PAUSE Before You Post

By Emily Roberts, Regular Contributor

Recently, I have been reviewing intern applications, and one of the first things I do is Google candidates. There’s nothing wrong with having fun and showing the world who you are, but documenting drunk and degrading pictures of yourself or friends doesn’t give me a positive impression, and it is certainly not someone I want representing my brand. The same is true for other internships, jobs, and your career, even potential relationships. Your future really does depend on what you post and project to your online audience today.

So how do you feel confident about your online image?

In my new book, Express Yourself, I give girls and women the tools to be confident in person and on their online personas. Why? Because I have seen more than my fair share of casual posts turn into catastrophes and conflicts with others online…and sometimes into real life turmoil—everything you say or do online lasts forever.


You probably have a good idea of the potential consequences of sending a racy picture or responding rudely to a Twitter troll. We’ve all been there: typed a text or updated our statuses when we were ready to burst with anger or frustration—and it usually gets attention… but it also makes an impression to others about you. Anything you type or text when you’re emotional can be misunderstood. Even worse, even though you can delete it later, people have seen it and already made an impression about you. So instead of giving into the urge frustrated thoughts, here’s one of my favorite techniques that I share in my book: The PAUSE technique.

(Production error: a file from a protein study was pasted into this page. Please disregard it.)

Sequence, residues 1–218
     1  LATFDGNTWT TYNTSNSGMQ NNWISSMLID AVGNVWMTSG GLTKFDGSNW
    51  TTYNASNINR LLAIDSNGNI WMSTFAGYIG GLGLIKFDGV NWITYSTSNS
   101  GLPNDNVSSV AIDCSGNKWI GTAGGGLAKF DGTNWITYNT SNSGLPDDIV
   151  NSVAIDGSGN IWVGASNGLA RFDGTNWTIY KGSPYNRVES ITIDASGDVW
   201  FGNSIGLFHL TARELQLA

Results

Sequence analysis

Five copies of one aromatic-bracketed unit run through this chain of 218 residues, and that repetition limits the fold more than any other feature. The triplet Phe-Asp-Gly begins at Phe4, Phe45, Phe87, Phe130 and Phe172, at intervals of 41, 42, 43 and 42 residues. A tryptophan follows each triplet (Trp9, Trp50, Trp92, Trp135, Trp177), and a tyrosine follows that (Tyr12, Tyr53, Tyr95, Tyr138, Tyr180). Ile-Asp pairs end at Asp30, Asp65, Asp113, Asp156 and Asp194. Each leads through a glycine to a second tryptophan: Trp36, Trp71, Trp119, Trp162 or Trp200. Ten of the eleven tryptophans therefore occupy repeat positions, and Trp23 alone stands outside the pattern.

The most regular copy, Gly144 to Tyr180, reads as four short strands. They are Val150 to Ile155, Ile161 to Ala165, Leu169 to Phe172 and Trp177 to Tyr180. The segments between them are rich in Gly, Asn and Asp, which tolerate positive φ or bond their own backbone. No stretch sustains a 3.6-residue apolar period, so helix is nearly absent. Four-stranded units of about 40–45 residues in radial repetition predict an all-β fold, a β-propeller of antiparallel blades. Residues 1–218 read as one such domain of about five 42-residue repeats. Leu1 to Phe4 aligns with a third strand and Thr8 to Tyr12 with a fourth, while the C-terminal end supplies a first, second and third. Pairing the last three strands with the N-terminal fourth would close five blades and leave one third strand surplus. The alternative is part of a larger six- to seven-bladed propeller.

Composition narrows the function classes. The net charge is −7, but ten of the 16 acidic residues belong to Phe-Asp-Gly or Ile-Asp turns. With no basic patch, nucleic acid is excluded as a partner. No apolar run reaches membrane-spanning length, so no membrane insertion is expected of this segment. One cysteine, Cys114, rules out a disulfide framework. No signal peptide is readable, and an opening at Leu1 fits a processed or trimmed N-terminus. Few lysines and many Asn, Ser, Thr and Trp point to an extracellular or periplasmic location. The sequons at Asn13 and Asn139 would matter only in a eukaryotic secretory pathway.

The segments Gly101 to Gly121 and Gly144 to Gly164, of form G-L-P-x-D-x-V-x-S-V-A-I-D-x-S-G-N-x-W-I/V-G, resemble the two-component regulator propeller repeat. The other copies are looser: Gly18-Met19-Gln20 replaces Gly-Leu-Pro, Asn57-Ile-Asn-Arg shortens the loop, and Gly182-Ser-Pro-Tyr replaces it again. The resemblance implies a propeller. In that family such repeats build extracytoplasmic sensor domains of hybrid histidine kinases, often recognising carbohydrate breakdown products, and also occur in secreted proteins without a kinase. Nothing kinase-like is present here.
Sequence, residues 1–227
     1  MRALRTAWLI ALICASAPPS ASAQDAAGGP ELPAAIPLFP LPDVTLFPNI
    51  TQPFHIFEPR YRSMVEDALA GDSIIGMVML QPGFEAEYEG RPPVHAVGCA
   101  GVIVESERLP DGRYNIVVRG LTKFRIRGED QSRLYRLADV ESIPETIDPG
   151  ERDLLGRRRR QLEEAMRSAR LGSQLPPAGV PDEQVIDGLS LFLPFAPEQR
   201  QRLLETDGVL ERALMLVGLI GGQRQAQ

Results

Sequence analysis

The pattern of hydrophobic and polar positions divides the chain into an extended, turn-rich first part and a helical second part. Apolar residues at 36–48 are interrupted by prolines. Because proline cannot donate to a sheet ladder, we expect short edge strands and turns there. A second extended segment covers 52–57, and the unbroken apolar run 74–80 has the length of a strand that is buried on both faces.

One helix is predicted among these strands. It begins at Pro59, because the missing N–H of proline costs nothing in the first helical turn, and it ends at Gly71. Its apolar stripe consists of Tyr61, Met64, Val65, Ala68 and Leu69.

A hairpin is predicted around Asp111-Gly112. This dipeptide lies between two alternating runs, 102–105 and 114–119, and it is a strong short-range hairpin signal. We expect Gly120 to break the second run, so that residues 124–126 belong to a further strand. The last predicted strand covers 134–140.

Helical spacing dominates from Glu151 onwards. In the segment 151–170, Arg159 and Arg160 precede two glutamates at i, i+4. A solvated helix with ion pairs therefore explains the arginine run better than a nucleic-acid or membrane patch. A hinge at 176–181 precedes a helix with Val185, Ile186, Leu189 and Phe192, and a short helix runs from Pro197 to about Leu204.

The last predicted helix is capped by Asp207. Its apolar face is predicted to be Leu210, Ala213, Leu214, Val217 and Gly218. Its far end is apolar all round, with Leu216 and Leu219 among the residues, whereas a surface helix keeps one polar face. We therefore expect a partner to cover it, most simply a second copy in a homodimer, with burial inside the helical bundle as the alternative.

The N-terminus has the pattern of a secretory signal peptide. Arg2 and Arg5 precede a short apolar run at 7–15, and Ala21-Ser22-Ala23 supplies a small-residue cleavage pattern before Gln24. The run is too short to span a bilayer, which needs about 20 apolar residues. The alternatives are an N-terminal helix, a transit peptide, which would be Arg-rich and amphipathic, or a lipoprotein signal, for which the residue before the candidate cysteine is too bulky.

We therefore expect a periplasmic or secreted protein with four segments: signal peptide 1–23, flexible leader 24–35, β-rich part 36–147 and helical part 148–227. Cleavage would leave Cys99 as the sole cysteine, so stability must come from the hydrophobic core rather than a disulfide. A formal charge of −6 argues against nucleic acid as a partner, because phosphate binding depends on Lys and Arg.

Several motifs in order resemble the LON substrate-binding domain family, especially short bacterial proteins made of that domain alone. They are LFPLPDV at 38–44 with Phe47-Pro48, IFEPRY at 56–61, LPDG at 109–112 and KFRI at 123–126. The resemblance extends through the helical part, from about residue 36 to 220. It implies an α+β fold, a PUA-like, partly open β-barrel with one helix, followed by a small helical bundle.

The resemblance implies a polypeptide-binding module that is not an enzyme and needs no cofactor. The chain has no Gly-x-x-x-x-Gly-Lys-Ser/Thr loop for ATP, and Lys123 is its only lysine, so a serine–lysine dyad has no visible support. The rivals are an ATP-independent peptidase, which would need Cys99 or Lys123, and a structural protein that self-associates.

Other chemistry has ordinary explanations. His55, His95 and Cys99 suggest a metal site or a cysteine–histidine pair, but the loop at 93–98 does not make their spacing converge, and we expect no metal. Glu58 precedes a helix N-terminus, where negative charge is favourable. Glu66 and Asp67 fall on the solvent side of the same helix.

P — Put down the phone or the mouse. Seriously, walk in the other room—away from your device for just a sec (it won’t kill you, I promise).

A — Ask yourself what your intention or goal is for the message, picture, or post. Are you trying to get someone to help you, hear you or maybe just vent? How do you think others will interpret what you are saying or showing? Could they perceive it in a way that might hurt your image? How would your mother or grandmother react to it?

U — “Urge surf.” Like a wave, emotions feel intense at their peak, but eventually they crash. Your urge won’t last forever, and the last thing you want to do is press send when you’re at the peak of frustration. Allow some time for the intensity to pass (5-10 minutes), so you can think clearly. Distract yourself by doing something else. Play a game on your phone (if you feel you can tolerate it), call friend, or take 5 minutes to clean your room or organize your purse. Just do something that’s distracting. Give the “wave” time to lose its momentum and crash.

S — Say it out loud. Even if it’s a selfie, what does the accompanying text say or imply about you? How would other people hear it? For example, if you’re responding to a text from a friend who is annoying the heck out of you, does your response sound kind or kind of rude? If you shutter at how it really sounds, remind yourself of the truth: that’s how others will hear it too! Don’t like it? Delete it and rethink it.

E — Edit. If you still feel that it’s a good idea to post what you wanted to post, could you change your language in some way so that it’s less likely to be misinterpreted or more likely to have a positive impact?

You deserve to have your online image represent your amazing life, your journey, your likes and dislikes. Show the world who you are, but be careful. Make sure you are projecting a positive impression. Trust me, your future self will thank you for it. 

Let's chat! Have you ever posted a status or picture that wasn't received well? How did you do damage control? What tips do you have to help keep your online image rockin? Share them with us here!

About Emily

EMILY_ROBERTS.jpgEmily Roberts is a licensed psychotherapist specializing in working with girls and women. Also known as The Guidance Girl , Emily has made it her career to help others feel confident in the skin they’re in. She and her dog fluffy dog Milo split their time between the busy streets of New York City and Austin, Texas. You can reach out to Emily on her Facebook, Twitter, or Instagram @GuidanceGirlEm



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